I wonder when I first heard the word. I suppose I understood “metadata” as a fancy term for the cataloging I’d learned in library school, or the indexing I’d done at NLM. A trendy, computer-y word for a very old concept. Here I’d been “applying metadata” for all of my professional life and hadn’t even known it!
These days you can’t take a step and a half in the world of scholarly communication without tripping over the word. And there’s another word I see cropping up more frequently. Metaphorically, we speak of that world of scholarly communication as an "ecosystem". Where scientific knowledge once existed in discrete bits and the scutwork of scientific research was laboriously unearthing the connections between them in order to establish frameworks and platforms on which to build new discoveries, we now see an interconnected system of articles and data and loosely defined “research outputs.” Or at least we see the potential for such a system. Its infrastructure is metadata.
The Metadata 2020 initiative is a crucial step in moving the community from the metaphorical image of what an ecosystem might be to a vibrant, effective, usable and efficient system of interconnection. I use the word “community” advisedly, because the critical foundational insight of Metadata 2020 is that progress and realization will require a broad community effort. As a librarian, I may think of metadata as derived from traditional tools for describing books & articles. But a publisher sees it differently. A data scientist has their own approach and sensibility. The people working for funding agencies have their unique angle. We all have different priorities regarding which flavor of metadata we think is most important.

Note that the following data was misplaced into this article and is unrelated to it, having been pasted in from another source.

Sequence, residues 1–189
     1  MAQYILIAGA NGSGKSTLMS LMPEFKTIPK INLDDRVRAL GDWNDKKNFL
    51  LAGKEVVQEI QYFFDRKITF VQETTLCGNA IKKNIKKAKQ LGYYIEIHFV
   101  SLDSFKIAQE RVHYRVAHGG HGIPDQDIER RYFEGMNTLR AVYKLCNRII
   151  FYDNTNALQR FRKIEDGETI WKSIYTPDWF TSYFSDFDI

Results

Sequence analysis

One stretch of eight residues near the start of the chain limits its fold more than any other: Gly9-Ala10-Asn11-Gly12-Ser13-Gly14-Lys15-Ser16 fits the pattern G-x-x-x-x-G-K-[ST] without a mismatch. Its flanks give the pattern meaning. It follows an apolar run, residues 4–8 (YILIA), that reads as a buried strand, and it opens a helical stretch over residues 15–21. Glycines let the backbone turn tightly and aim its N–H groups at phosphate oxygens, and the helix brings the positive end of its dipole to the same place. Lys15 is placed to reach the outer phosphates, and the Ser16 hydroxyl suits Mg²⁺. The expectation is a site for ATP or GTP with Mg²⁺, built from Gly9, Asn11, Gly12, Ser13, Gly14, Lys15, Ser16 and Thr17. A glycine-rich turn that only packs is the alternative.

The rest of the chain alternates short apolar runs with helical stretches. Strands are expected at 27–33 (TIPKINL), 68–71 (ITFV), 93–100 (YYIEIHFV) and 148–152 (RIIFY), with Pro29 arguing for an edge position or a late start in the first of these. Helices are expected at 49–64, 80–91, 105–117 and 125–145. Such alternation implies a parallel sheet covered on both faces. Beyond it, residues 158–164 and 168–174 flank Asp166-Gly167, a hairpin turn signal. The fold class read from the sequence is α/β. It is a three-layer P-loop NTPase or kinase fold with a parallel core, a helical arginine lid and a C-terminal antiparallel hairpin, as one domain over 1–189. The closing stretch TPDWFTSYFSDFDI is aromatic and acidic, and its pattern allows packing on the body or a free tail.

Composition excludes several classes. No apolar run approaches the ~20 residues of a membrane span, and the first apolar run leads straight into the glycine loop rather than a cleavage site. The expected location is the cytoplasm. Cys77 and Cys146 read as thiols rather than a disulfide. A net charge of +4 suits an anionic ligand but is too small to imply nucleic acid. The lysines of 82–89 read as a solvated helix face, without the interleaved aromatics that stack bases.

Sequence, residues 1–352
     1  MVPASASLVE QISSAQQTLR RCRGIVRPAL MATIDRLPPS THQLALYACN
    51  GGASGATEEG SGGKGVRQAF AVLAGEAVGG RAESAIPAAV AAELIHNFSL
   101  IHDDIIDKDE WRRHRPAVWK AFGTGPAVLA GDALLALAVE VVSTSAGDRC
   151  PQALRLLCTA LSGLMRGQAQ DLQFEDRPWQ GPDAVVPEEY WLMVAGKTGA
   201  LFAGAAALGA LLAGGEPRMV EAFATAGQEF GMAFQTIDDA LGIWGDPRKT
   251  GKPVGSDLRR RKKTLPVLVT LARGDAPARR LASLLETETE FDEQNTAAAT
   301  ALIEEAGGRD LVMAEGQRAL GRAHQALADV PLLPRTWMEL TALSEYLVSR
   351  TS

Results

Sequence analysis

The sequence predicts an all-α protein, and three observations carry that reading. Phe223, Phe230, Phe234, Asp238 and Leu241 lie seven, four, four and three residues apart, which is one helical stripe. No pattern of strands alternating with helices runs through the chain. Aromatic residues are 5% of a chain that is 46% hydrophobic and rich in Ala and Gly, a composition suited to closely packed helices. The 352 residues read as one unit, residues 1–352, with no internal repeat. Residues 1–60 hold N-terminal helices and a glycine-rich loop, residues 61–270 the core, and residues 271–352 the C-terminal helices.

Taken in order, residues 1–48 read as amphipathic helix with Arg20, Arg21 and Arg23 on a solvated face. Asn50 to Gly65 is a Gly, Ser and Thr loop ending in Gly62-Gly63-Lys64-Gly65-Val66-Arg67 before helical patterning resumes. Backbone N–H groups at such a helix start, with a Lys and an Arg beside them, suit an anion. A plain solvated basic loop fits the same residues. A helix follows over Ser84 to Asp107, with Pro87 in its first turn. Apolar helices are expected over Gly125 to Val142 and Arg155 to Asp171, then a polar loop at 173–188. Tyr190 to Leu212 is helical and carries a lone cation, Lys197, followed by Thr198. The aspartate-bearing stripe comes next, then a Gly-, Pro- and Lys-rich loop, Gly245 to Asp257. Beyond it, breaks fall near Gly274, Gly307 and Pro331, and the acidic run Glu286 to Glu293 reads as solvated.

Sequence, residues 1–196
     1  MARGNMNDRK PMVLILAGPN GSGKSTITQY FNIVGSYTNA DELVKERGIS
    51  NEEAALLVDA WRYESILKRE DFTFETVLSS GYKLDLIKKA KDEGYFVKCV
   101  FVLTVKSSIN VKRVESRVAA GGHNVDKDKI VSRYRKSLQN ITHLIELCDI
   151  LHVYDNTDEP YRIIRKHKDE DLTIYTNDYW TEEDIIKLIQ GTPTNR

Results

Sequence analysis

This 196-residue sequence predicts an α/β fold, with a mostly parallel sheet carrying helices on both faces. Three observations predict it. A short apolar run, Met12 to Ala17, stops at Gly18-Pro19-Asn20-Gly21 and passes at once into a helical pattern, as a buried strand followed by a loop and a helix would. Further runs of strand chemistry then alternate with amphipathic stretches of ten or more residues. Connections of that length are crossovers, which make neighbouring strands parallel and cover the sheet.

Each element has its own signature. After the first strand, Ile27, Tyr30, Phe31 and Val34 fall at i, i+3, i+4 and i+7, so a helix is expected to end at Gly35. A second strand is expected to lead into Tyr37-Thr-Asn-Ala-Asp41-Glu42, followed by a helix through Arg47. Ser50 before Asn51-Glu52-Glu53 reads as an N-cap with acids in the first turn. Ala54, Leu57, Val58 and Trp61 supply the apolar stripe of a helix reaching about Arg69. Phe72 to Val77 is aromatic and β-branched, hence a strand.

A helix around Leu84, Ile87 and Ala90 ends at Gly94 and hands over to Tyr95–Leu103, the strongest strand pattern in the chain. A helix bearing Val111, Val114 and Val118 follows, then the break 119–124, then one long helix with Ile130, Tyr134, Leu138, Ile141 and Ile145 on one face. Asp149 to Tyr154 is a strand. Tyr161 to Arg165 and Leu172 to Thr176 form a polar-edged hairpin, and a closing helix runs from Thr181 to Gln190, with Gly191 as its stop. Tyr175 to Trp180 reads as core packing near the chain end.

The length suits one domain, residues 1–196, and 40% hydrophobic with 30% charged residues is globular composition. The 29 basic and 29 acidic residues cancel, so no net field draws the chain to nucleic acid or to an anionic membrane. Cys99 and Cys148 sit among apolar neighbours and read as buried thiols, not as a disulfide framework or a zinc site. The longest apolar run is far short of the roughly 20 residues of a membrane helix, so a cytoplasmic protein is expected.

As Ginny Hendricks points out, each of the groups that cares about metadata has approached it in their own way, developing approaches to solutions that meet their own needs. Great progress has been made, but as long as we continue in this piecemeal fractured fashion we'll fall short of the interconnected vision we all should share.
The goal of Metadata 2020 is to bring these various approaches into closer alignment, to foster the necessary conversations and collaborations. You can sign up here to receive occasional news and updates. You have an important role to play.
Imagine a world in which you can move from reference to reference, object to object, gathering new insights, discovering new connections and new collaborators, revealing unanticipated patterns, all without running into the roadblocks and blind alleys and rabbit holes that waste our time and deliver frustration. If you've bothered to read this far, you know how important this is. And you almost certainly have expertise to contribute. Make it happen.